JERUSALEM (Reuters) – The ramparts of Jerusalem, built for battle, were commandeered for a messaging war between Israelis and Palestinians in the build-up to Israel’s normalisation deals with two Gulf Arab states.
During the White House signing ceremony Israel projected flags of Israel, Bahrain, the United Arab Emirates and the U.S. onto the Old City walls as Israeli Prime Minister Benjamin Netanyahu stood alongside President Donald Trump in Washington hailing what he called “historic” peace agreements.
But the same walls, built in the 16th century by Turkish sultan Suleiman the Magnificent, were also used by Palestinians to proclaim their opposition to deals that they see as a betrayal by their fellow Arabs.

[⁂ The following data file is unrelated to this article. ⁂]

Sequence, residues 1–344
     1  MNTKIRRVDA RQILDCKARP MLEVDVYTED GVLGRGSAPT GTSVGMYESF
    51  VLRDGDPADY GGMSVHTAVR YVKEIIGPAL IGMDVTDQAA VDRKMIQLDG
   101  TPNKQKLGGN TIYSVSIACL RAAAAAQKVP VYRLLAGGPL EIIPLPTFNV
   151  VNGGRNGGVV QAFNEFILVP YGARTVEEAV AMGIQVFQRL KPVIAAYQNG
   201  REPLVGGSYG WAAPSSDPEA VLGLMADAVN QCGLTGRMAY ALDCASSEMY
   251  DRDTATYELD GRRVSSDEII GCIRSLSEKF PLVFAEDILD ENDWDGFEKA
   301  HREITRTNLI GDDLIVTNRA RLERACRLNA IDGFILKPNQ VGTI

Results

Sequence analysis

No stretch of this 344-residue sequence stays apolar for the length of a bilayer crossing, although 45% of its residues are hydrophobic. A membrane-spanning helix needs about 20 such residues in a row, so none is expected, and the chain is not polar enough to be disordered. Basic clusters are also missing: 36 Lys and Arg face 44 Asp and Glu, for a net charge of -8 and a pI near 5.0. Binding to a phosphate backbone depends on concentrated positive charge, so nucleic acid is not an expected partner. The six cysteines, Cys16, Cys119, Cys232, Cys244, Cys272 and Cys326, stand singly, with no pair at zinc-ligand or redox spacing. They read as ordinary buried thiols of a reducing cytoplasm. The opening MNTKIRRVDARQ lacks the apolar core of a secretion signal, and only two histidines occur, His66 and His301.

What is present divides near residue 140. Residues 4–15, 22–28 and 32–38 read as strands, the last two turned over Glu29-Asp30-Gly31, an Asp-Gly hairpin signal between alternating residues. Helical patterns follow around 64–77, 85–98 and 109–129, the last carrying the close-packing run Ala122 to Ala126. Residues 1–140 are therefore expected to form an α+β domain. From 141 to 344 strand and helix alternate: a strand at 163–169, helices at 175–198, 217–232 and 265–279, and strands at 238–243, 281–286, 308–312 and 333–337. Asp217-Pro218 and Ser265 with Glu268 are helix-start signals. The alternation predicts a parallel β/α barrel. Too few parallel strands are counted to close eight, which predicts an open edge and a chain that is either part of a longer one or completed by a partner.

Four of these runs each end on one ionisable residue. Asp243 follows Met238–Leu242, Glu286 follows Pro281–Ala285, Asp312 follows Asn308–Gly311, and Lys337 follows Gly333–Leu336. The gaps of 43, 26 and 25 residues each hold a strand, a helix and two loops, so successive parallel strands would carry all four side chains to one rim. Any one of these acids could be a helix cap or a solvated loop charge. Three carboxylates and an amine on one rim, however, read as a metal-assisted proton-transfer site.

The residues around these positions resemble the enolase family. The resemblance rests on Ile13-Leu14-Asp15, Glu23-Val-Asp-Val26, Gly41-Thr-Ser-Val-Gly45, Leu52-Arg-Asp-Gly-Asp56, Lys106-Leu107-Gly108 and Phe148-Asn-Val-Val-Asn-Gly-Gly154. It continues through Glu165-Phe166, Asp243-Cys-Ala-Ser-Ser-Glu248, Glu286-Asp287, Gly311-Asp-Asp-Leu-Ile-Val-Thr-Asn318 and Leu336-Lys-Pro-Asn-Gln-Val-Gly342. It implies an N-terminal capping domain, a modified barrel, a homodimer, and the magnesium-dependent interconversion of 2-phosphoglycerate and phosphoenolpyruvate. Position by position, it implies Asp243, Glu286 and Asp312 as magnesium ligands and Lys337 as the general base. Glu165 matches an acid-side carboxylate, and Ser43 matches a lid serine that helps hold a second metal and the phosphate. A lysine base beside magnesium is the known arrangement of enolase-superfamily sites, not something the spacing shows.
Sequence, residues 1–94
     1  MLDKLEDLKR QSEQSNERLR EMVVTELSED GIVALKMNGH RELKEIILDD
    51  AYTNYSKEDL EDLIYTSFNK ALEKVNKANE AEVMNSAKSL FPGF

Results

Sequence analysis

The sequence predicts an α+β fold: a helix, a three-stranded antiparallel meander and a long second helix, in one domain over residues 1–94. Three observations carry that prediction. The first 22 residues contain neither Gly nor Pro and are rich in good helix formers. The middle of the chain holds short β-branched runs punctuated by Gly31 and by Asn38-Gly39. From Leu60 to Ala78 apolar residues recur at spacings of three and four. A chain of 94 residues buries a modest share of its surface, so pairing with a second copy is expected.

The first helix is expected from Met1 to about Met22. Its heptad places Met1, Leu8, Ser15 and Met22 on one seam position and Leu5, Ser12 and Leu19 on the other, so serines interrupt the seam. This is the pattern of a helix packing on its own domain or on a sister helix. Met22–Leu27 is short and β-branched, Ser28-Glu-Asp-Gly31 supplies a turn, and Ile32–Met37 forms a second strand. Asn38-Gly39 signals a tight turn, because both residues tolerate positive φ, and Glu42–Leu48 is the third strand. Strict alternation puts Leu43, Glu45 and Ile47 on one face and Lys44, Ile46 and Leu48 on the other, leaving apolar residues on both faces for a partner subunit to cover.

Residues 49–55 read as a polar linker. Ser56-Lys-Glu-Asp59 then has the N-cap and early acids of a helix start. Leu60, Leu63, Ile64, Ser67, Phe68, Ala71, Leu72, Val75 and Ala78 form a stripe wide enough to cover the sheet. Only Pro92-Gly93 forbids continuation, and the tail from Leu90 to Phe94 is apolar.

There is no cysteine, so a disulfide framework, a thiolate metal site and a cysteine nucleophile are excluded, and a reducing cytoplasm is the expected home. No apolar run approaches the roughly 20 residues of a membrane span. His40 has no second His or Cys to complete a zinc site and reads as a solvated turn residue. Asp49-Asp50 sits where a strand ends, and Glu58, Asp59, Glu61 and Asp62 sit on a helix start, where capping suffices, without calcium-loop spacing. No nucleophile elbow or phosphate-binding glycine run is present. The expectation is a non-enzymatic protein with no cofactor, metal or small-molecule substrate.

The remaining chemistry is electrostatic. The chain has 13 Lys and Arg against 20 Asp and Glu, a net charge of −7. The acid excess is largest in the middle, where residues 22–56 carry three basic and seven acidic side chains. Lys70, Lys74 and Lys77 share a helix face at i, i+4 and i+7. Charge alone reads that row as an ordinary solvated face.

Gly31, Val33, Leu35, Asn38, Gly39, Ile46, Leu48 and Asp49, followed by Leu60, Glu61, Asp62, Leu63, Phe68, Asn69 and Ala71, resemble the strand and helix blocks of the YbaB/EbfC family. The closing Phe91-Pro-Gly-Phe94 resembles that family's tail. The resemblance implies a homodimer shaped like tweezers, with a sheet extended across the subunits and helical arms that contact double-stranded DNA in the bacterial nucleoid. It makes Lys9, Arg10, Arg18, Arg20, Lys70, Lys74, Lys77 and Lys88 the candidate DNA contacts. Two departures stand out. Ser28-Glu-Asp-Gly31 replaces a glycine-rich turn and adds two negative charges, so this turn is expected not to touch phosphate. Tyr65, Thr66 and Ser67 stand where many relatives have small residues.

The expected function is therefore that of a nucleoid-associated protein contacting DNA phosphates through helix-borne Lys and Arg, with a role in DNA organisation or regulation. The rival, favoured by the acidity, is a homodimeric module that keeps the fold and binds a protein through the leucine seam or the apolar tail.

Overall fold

A week after the Israel-Emirates deal was announced, Palestinians draped a black banner of Palestinian President Mahmoud Abbas over the wall near Damascus Gate with the accompanying headline “The rightful owner”.
It continued: “We call upon the government of Abu Dhabi in the United Arab Emirates to revert to the inclusive Arab and Islamic position and to withdraw from the shameful agreement.”
Jerusalem, claimed by both sides for their capital, lies at the heart of the Israeli-Palestinian conflict.
Israel views all of Jerusalem, including the walled Old City that it captured in the 1967 Middle East war, as its “eternal and indivisible” capital.
But Palestinians want East Jerusalem – including the Old City – to be the capital of a state they seek to establish in the occupied West Bank and Gaza Strip.
(Reporting by Stephen Farrell; Editing by Angus MacSwan)